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Michel M Bellici

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Michel’s first inspiration was the work of her grandfather, Joseph Rinaldi. A young Michel would peek at his sketches, his notes, and his copy of Grays Anatomy, which she used to teach herself how to draw. This began her love of the human form. Her second biggest influence is Henri Cartier-Bresson for his definition in photography of the decisive moment.
Michel received classical training as a photographer and a painter at both The University of Massachusetts at Amherst, and the Lorenzo de Medici School of Art in Florence, Italy.
“When I’m painting and all of a sudden it starts to feel like I’m breaking through something, it hurts, I get irritated;” says Bellici. “I think it has no where to go, and I feel lost, I end up hosing it down, adding paint, removing paint, sanding it down, rubbing the paintings down to see what’s really there. It is a breaking of something inside to lest out the real whatever the hell is happening"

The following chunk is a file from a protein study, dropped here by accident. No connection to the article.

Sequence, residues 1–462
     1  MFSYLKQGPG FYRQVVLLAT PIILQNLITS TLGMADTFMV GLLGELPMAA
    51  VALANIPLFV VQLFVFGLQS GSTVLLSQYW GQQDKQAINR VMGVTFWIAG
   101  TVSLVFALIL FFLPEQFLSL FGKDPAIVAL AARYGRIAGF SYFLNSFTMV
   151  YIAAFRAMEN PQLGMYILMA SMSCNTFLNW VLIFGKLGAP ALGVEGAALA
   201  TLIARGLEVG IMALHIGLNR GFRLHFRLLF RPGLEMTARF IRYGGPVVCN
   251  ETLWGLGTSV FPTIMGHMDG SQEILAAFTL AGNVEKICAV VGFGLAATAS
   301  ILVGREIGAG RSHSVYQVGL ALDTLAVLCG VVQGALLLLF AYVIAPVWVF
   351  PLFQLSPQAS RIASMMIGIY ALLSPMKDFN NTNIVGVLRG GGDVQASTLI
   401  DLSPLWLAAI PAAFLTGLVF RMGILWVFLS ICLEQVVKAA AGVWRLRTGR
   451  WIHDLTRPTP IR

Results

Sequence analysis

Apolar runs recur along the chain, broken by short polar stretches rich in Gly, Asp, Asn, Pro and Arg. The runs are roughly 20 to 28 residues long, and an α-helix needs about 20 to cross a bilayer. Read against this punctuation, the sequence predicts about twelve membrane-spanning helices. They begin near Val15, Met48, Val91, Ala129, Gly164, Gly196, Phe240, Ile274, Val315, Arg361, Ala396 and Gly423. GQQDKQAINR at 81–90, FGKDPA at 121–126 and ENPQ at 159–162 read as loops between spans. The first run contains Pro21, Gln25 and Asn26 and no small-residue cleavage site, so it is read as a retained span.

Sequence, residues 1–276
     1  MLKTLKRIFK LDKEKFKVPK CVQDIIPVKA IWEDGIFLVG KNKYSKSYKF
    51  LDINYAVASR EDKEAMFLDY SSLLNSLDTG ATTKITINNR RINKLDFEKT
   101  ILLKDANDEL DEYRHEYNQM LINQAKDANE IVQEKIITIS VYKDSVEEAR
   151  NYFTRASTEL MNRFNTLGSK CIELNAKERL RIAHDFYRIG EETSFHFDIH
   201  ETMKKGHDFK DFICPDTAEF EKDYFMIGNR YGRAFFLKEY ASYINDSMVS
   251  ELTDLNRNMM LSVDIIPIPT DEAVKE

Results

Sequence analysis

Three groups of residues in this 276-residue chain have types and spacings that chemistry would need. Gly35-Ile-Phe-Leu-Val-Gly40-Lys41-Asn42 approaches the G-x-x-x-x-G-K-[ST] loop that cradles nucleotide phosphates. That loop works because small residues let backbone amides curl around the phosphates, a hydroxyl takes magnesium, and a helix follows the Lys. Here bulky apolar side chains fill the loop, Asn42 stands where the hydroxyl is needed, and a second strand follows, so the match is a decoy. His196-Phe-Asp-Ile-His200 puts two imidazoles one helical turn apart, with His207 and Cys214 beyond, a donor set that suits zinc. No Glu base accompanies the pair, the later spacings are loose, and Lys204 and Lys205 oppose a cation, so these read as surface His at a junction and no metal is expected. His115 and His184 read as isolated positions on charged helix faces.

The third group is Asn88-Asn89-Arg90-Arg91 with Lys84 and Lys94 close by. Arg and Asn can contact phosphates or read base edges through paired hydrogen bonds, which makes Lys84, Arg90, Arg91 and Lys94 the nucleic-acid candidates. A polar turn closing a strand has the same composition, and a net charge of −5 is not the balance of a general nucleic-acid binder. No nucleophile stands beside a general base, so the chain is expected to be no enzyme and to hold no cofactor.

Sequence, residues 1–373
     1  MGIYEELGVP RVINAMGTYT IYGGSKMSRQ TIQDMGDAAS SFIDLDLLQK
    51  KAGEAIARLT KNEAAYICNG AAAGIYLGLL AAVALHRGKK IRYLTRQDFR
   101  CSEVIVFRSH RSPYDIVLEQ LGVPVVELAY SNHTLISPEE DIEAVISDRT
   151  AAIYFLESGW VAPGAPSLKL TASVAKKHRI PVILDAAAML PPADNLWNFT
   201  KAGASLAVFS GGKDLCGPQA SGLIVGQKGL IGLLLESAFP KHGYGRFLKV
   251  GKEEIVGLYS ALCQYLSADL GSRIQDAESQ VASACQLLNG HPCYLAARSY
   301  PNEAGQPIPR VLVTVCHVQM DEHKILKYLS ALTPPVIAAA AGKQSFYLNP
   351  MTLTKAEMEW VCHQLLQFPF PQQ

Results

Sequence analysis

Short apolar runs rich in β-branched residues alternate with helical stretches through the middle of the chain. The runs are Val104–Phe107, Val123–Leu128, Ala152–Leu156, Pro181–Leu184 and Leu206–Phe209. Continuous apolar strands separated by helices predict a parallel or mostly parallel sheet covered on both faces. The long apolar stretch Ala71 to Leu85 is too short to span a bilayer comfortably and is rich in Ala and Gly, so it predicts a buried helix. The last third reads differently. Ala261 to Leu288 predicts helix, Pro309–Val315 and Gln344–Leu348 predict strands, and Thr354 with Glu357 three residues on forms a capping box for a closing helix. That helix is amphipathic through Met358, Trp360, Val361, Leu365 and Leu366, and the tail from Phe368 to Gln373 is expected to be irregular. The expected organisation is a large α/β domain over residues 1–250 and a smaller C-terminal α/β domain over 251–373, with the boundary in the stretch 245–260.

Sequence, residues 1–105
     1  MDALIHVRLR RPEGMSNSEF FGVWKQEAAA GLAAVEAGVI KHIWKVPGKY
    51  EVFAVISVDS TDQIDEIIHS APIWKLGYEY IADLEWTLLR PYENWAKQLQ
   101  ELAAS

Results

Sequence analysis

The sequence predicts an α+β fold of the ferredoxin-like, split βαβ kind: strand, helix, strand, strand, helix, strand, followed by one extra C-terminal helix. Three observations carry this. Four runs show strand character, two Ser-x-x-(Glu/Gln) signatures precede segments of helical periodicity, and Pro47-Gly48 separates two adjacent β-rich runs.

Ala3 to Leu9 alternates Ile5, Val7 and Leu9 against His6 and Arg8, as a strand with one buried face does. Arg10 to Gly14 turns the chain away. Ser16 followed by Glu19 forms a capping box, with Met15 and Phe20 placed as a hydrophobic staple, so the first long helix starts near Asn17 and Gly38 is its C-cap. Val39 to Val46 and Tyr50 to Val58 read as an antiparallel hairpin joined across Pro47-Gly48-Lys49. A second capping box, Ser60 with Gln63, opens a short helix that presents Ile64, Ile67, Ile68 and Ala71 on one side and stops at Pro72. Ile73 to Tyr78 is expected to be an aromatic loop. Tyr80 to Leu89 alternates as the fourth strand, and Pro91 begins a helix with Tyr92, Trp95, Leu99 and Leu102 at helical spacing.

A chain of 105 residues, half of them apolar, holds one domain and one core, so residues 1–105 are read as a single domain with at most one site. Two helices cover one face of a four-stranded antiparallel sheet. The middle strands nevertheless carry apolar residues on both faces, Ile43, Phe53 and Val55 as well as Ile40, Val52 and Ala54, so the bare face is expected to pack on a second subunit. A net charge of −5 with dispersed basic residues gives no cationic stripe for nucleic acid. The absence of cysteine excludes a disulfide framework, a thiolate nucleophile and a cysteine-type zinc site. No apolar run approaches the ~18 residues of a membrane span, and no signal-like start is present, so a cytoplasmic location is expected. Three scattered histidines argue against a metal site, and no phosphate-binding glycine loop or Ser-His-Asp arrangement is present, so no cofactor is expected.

It’s a great metaphor for the emotional rawness that Bellici brings to her work in both painting and her photography.
She continues; “Sometimes my skin feels like it’s on fire and my head is spinning. I feel like I’m crazy. When I hit it, I don’t even need to question it. I get into a temper tantrum of happy, and usually do a spastic angry happy dance, I can't live without that"

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